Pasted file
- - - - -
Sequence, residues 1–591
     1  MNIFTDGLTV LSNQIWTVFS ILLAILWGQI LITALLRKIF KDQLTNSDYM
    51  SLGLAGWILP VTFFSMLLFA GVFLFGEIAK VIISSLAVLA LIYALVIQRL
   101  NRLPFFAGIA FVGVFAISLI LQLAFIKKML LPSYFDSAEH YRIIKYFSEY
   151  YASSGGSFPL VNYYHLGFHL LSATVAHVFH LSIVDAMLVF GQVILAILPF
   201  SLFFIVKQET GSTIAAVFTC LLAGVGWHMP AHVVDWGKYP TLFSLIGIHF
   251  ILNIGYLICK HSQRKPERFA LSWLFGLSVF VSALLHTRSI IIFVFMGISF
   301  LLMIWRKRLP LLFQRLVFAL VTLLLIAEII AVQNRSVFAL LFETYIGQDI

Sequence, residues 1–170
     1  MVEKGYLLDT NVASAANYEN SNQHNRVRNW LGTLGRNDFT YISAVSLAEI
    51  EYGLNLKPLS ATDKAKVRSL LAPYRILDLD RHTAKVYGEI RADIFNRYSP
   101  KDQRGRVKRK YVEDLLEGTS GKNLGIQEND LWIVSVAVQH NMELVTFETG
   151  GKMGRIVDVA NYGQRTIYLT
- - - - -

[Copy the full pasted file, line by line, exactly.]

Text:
Sequence, residues 1–591
     1  MNIFTDGLTV LSNQIWTVFS ILLAILWGQI LITALLRKIF KDQLTNSDYM
    51  SLGLAGWILP VTFFSMLLFA GVFLFGEIAK VIISSLAVLA LIYALVIQRL
   101  NRLPFFAGIA FVGVFAISLI LQLAFIKKML LPSYFDSAEH YRIIKYFSEY
   151  YASSGGSFPL VNYYHLGFHL LSATVAHVFH LSIVDAMLVF GQVILAILPF
   201  SLFFIVKQET GSTIAAVFTC LLAGVGWHMP AHVVDWGKYP TLFSLIGIHF
   251  ILNIGYLICK HSQRKPERFA LSWLFGLSVF VSALLHTRSI IIFVFMGISF
   301  LLMIWRKRLP LLFQRLVFAL VTLLLIAEII AVQNRSVFAL LFETYIGQDI

Sequence, residues 1–170
     1  MVEKGYLLDT NVASAANYEN SNQHNRVRNW LGTLGRNDFT YISAVSLAEI
    51  EYGLNLKPLS ATDKAKVRSL LAPYRILDLD RHTAKVYGEI RADIFNRYSP
   101  KDQRGRVKRK YVEDLLEGTS GKNLGIQEND LWIVSVAVQH NMELVTFETG
   151  GKMGRIVDVA NYGQRTIYLT